In December, we examined many of the reasons why the debt sales marketplace has seen such drastic decline in recent years and looked at the mistakes made all around which brought a once-thriving industry down to its current level. Solutions to the problems mentioned are based on a few central ideas: long-term thinking on business decisions; vetting potential buyers properly, and fighting the right battles. Below are some potential solutions to the problems mentioned.
SOLUTION: The DBA’s licensing is a step in the right direction, but is only a partial solution. Smaller debt buyers have great hurdles to clear in licensing, and may not be able to afford the time or money to meet the licensing requirements the DBA has set. A less expensive and cumbersome path to certification, as well as standards that may meet non-traditional debt collection office roles (such as telecommuting), are necessary. Likewise, the DBA needs to be active in calling out violators, even from within its ranks.
SOLUTION: Taking an active stand against bad debt buyers – and showing a difference exists between good and bad debt buyers – is necessary. Now is not the time for “no comment,” because it was not working. The debt sales industry needs to push effectively against the negative press and shows the economic benefit of debt buyers.
SOLUTION: Large buyers have the decision to make; will they cooperate with big business, or will they rejoin with their small-business roots to recreate a more active, robust market? If the standards are set, the large buyers CAN work with the smaller to ensure that debts are collected, bought, and sold cleanly and legally.
SOLUTION: Even large buyers should refuse to do business with banks without proper documentation on each and every account. While the cost to the bank is not negligible, neither is it truly prohibitively expensive with modern technology to provide good documentation to sellers; and the long-term result is fewer disputes, fewer suits and countersuits, and fewer expense for all.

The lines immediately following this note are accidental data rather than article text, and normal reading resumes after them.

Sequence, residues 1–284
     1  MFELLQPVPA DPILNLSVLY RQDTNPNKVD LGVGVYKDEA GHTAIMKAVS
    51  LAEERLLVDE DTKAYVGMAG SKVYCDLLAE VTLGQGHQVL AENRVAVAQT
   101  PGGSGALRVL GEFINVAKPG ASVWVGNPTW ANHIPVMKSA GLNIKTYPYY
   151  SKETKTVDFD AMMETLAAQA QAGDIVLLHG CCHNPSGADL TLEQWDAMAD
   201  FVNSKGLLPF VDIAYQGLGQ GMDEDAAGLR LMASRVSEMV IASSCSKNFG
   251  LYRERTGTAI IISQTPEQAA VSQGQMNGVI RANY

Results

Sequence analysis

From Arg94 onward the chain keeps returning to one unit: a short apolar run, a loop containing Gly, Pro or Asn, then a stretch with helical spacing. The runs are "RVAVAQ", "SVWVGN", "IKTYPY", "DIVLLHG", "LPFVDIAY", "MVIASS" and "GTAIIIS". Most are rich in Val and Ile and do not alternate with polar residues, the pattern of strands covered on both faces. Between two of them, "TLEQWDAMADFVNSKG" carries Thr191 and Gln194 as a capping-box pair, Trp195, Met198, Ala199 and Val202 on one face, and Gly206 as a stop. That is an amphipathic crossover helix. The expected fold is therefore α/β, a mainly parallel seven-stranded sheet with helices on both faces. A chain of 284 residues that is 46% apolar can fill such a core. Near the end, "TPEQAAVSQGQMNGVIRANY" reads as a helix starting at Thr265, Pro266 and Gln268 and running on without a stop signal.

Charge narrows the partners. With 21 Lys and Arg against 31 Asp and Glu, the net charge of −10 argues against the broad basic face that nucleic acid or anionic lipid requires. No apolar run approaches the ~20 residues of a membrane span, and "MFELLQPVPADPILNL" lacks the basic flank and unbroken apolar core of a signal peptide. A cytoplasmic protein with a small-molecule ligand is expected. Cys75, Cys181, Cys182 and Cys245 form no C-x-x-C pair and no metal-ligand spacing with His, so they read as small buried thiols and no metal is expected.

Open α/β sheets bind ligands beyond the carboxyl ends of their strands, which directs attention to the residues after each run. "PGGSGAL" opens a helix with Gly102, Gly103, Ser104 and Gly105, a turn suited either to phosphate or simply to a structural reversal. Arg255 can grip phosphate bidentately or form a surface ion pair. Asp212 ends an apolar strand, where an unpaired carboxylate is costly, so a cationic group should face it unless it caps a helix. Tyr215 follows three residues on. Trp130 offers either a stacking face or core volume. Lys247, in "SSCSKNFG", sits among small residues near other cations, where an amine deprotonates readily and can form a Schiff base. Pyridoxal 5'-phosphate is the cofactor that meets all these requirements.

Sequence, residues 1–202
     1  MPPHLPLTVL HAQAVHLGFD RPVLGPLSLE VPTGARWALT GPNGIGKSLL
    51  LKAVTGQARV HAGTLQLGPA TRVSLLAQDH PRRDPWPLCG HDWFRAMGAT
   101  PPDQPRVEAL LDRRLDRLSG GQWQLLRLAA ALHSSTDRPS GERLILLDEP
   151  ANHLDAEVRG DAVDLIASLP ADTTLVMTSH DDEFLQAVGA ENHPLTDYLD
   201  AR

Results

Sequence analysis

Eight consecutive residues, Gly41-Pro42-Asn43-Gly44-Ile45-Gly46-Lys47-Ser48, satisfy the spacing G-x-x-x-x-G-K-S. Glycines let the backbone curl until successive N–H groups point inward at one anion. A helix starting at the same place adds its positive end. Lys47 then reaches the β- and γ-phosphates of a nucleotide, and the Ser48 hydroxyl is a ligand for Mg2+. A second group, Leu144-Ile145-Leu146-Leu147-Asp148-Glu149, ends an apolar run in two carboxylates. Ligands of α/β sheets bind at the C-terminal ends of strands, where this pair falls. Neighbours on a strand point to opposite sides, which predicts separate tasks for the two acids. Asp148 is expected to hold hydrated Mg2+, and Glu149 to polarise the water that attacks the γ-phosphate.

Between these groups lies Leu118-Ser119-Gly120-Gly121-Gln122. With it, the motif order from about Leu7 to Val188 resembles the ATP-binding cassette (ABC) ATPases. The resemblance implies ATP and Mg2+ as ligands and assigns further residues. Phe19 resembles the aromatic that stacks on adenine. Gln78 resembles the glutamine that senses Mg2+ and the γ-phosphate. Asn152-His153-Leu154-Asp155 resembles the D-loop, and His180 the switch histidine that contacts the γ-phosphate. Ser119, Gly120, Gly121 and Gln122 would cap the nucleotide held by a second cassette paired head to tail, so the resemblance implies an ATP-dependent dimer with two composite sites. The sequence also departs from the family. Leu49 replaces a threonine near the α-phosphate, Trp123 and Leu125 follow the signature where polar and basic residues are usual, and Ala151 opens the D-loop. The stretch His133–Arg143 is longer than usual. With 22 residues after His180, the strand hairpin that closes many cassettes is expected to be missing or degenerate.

The failure of banks, primary, and secondary market sellers to properly vet the buyers. Again, when debt sales from originators on an open market were common and consistent, banks and their direct buyers did little to properly vet secondary debt market buyers.
SOLUTION: Banks and buyers should all have processes to vet the buyers down the chain, and provide clean transfer paperwork. They should also be willing to work with buyers at any point in the chain for long-term protection as well. The standard for good buyers and sellers is a good vetting process.
SOLUTION: Pick good battles and win them. The problem began too long ago where sellers and agencies were more willing to settle with debtors than fight through, and it became a tacit admission of guilt, as well as feeding long-term the idea that all debt buyers and collectors are greedy scumbags. Much ground needs to be taken against the bad parts of FDCPA litigation, more than should have been had the industry been thinking long-term as to the cost of business.
SOLUTION: Engage with local, state, and national politicians in legislation to protect the industry. Agencies and buyers should know and support politicians on some level.
SOLUTION: Call attention to bad debt buyers, and stress how much in the minority they are. All buyers should be vetted, and bad sellers should also be held at least liable in public opinion for their lack of vetting or protection of data.
SOLUTION: Fight good battles against bad judges and litigants. The right of contract is essential to a free and independent market, and legally should be protected.
SOLUTION: Every decision – from legal strategies to buying and selling debt – should be made with a long-term strategy in mind. The debt sales industry was too short-sighted when times were good and did not see how poor, short-term decisions were going to hurt the industry down the road.
Recovery, if possible, of the debt sales marketplace is going to take a long time, and too many players have left the field. Mid-market groups, which flourished at one point, are drastically reduced in number and show little sign of recovery. Buyers will have to prove themselves again, and make their internal changes not just for the good of individual buyers, but also for the good of the industry as a whole to recover to any degree.
By: Jeffery Hartman
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